• Employment: Employment rates among those aged 50-74 are considerably higher in Korea (62.1% in 2016) than the OECD average (50.8%). The gap has also widened slightly over the past decade or so. While more women in Korea are employed in older age than in many other OECD countries, Korea nevertheless has a higher gender gap in employment.

  • Job characteristics: Older workers in Korea work relatively longer hours than their peers in most other OECD countries, with part-time work accounting for only 11.7% of those aged 55-64 in 2016, compared with an OECD average of 21.1%. Older workers in Korea are also much more likely to be in temporary work (32.7% compared with 7.9% among salaried workers); to be self-employed (38.2% compared with 32.8% among all those employed); and to earn less than their younger counterparts.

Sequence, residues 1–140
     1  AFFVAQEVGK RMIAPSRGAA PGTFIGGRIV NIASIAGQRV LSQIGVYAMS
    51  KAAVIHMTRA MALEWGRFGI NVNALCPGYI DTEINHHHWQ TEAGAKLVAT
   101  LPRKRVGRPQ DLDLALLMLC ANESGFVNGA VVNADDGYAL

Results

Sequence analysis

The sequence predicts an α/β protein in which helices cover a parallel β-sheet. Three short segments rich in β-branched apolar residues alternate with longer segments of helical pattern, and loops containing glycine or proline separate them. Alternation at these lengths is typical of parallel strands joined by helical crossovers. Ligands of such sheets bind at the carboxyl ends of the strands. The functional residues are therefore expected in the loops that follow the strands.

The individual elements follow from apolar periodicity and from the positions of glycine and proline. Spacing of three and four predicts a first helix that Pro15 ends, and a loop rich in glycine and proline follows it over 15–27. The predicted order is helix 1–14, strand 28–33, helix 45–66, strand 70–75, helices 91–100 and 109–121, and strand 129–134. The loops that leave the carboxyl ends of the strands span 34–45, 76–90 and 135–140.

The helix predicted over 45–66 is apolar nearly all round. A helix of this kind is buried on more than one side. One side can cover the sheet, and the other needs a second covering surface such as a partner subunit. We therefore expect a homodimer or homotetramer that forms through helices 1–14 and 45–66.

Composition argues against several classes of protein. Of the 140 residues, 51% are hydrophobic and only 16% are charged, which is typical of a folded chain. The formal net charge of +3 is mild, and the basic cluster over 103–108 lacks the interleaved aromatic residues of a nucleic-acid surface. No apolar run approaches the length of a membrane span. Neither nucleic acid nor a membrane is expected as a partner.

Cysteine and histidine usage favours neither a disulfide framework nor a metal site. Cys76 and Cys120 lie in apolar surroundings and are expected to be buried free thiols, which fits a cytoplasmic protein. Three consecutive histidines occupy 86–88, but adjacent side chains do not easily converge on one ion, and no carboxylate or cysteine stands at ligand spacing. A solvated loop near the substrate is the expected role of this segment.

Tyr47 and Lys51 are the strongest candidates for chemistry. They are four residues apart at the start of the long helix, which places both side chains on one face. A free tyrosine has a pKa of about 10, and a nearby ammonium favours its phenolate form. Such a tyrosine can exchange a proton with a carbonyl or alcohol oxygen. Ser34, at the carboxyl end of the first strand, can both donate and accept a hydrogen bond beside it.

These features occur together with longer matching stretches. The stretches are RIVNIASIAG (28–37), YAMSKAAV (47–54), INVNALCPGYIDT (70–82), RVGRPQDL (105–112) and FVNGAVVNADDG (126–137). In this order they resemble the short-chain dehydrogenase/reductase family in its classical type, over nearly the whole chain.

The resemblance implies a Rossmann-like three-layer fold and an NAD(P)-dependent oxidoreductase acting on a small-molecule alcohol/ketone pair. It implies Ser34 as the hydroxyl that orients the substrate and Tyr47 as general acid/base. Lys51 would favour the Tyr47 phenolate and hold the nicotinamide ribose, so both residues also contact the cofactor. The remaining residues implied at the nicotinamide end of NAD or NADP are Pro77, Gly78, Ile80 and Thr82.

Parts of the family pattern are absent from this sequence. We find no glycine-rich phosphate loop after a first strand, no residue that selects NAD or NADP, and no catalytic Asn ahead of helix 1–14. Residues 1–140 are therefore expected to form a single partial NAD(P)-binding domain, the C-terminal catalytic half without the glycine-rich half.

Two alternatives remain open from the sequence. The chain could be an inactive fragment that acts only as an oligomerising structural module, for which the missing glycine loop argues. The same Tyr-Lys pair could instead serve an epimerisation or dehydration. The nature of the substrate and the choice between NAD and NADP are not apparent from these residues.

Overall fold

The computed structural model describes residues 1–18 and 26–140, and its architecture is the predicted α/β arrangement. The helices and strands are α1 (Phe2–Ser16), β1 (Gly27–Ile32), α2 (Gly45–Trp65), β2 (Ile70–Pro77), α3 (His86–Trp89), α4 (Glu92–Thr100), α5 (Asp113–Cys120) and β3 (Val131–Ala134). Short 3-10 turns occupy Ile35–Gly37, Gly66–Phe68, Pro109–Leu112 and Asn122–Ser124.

Table 2.1. Older workers scoreboard, Korea and the OECD area, 2006 and 2016

Korea

OECDa

Change

Demographic situation

2006

2016

2006

2016

Korea

OECD

-- Old-age dependency ratio

0.14

0.20

0.23

0.28

0.05

0.05

-- Effective labour force exit ageb (years) Men

70.9

72.0

63.6

65.1

1.0

1.5

Women

67.6

72.2

62.3

63.6

4.6

1.3

Employment

-- Employment rate, 50-74 (% of the age group)

56.8

62.1

47.0

50.8

5.3

3.8

of which 50-54

72.6

77.7

73.8

75.7

5.1

1.9

55-64

59.3

66.1

52.7

59.2

6.9

6.5

65-69

42.4

45.0

20.3

25.5

2.6

5.2

70-74

31.9

32.6

12.0

14.6

0.7

2.6

-- Gender gap in employment, 55-64 [(men-women)/men]

0.36

0.32

0.32

0.25

-0.04

-0.07

Job characteristics

-- Incidence of part-time work, 55-64 (% of total employment)

11.8

11.7

20.3

21.1

-0.1

0.8

Average number of weekly hours worked

18.3

18.6

16.6

16.9

0.3

0.3

-- Incidence of temporary work, 55-64 (% of employees)

39.1

32.7

8.9

7.9

-6.4

-1.0

-- Incidence of self-employment, 55-64 (% of total employment)

53.2

38.2

38.0

32.8

-15.0

-5.2